First we get Ringo's one-and-only drum solo, and it's a catchy, inspired,
rollicking gem. Then comes the "Love You" choruses that lead into the
amazing guitar round robin. Paul starts it off (showing that he was always
a kick-ass guitarist despite being relegated to bass), then comes George's
distinctive riffs, followed by John's howling, wailing guitar. A lone
piano emerges from the din, and all three sing the line, "And in the end /
The love you take / Is equal to the love you make", closing out the record
with a sense of, well, completion.
(Ends up, though, that "The End" wasn't quite the end; the then-hidden
ditty, "Her Majesty", followed after a brief pause, having the record end
on an "up", rather than solemn, note).
While the creepy-cheerful "Maxwell's Silver Hammer" always seemed a bit
out of place to me on Abbey Road, I can't flog Paul too much over that
since it was basically his pushing and prodding and nudging and nagging
that got the band back into the studio for this final masterpiece the
While it bugs the heck out of me that McCartney wants have his name to
come first on Beatles's songs now -- how big is this guy's ego, anyway? --
I have to begrudgingly forgive all that because of the amazing, timeless
Abbey Road. For this record alone, he deserved to be knighted.
John Mendelsohn, Rolling Stone, Issue
46, November 15, 1969
Simply, side two does more for me than the whole of
Pepper, and I'll trade you The Beatles and Magical Mystery Tour
and a Keith Moon drumstick for side one.
So much for the prelims. "Come Together" is John Lennon very nearly at the
peak of his form; twisted, freely-associative, punful lyrically, pinched
and somehow a little smug vocally. Breathtakingly recorded (as is the
whole album), with a perfect little high-hat-tom-tom run by Ringo
providing a clever semi-colon to those eerie shooo-ta's, Timothy Leary's
campaign song opens up things in grand fashion indeed.
George's vocal, containing less adenoids and more grainy Paul tunefulness
than ever before, is one of many highlights on his "Something," some of
the others being more excellent drum work, a dead catchy guitar line,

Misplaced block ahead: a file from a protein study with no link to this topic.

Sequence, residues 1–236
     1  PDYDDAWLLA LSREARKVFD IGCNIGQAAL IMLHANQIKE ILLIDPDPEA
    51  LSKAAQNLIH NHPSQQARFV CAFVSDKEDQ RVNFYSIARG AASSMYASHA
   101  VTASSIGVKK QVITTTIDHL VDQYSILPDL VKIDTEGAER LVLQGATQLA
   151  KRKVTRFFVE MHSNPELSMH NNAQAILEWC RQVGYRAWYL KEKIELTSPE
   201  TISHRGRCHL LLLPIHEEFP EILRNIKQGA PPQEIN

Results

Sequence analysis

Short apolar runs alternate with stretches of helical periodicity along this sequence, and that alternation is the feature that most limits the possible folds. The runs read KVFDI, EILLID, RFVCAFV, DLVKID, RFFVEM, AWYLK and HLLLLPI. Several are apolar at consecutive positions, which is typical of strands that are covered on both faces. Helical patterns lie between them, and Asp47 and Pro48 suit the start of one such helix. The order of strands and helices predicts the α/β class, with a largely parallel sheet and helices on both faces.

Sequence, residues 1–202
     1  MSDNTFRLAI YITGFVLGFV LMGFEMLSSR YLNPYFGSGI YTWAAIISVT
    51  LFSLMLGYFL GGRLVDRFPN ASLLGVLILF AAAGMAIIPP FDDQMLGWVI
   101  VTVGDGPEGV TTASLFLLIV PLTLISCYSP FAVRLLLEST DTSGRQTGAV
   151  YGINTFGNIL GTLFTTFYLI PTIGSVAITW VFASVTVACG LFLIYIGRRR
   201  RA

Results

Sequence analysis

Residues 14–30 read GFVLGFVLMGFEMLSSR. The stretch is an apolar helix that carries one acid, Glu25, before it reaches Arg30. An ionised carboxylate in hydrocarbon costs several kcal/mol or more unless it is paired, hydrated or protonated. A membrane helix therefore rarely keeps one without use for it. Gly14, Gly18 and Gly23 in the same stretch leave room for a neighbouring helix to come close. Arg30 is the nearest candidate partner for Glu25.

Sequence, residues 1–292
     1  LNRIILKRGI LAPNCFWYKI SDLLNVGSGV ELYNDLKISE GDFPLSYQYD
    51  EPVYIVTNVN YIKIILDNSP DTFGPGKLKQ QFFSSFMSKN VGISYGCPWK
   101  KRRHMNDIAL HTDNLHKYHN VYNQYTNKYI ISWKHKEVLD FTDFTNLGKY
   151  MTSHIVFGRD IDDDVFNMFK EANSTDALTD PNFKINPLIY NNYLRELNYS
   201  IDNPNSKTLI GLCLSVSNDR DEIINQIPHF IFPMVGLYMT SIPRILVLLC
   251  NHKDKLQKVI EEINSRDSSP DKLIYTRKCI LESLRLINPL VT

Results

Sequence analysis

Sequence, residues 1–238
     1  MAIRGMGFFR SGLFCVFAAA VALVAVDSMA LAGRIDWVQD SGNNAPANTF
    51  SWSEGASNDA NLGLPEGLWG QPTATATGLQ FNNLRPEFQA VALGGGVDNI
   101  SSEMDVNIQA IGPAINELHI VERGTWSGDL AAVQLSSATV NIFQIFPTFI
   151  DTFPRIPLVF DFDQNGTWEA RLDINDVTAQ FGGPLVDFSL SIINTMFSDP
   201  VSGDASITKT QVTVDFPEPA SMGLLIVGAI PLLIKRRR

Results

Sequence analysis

perfectly subdued strings, and an unusually nice melody. Both his and Joe
Cocker's version will suffice nicely until Ray Charles gets around to it.
Paul McCartney and Ray Davies are the only two writers in rock and roll
who could have written "Maxwell's Silver Hammer," a jaunty
vaudevillian/music-hallish celebration wherein Paul, in a rare naughty
mood, celebrates the joys of being able to bash in the heads of anyone
threatening to bring you down. Paul puts it across perfectly with the
coyest imaginable choir-boy innocence.
Someday, just for fun, Capitol/Apple's going to have to compile a Paul
McCartney Sings Rock And Roll album, with "Long Tall Sally," "I'm Down,"
"Helter Skelter," and, most definitely, "Oh! Darling," in which, fronting
a great "ouch!"-yelling guitar and wonderful background harmonies, he
delivers an induplicably strong, throat-ripping vocal of sufficient power
to knock out even those skeptics who would otherwise have complained about
yet another Beatle tribute to the golden groovies' era.
That the Beatles can unify seemingly countless musical fragments and
lyrical doodlings into a uniformly wonderful suite, as they've done on
side two, seems potent testimony that no, they've far from lost it, and
no, they haven't stopped trying.
No, on the contrary, they've achieved here the closest thing yet to
Beatles freeform, fusing more diverse intriguing musical and lyrical ideas
into a piece that amounts to far more than the sum of those ideas.
"Here Comes the Sun," for example, would come off as quite mediocre on its
own, but just watch how John and especially Paul build on its mood of
perky childlike wonder. Like here, in "Because," is this child, or someone
with a child's innocence, having his mind blown by the most obvious
natural phenomena, like the blueness of the sky. Amidst, mind you,
beautiful and intricate harmonies, the like of which the Beatles have not
attempted since "Dr. Robert."
Then, just for a moment, we're into Paul's "You Never Give Me Your Money,"
which seems more a daydream than an actual address to the girl he's
thinking about. Allowed to remain pensive only for an instant, we're next
transported, via Paul's "Lady Madonna" voice and boogie-woogie piano in
the bridge, to this happy thought: "Oh, that magic feelin'/Nowhere to go."
Crickets' chirping and a kid's nursery rhyme ("1-2-3-4-5-6-7/All good
children go to heaven") lead us from there into a dreamy John number, "Sun
King," in which we find him singing for the Italian market, words like
amore and felice giving us some clue as to the feel of this
reminiscent-of-"In My Room" ballad.
And then, before we know what's happened, we're out in John Lennon's
England meeting these two human oddities, Mean Mr. Mustard and Polythene
Pam. From there it's off to watch a surreal afternoon telly programme,
Paul's "She Came In Through the Bathroom Window." Pensive and a touch
melancholy again a moment later, we're into "Golden Slumbers," from which
we wake to the resounding thousands of voices on "Carry That Weight," a
rollicking little commentary of life's labours if ever there was one, and
hence to a reprise of the "Money" theme (the most addicting melody and
unforgettable words on the album). Finally, a perfect epitaph for our
visit to the world of Beatle daydreams: "The love you take is equal to the
love you make ..." And, just for the record, Paul's gonna make Her Majesty
I'd hesitate to say anything's impossible for him after listening to Abbey
Road the first thousand times, and the others aren't far behind. To my
mind, they're equatable, but still unsurpassed.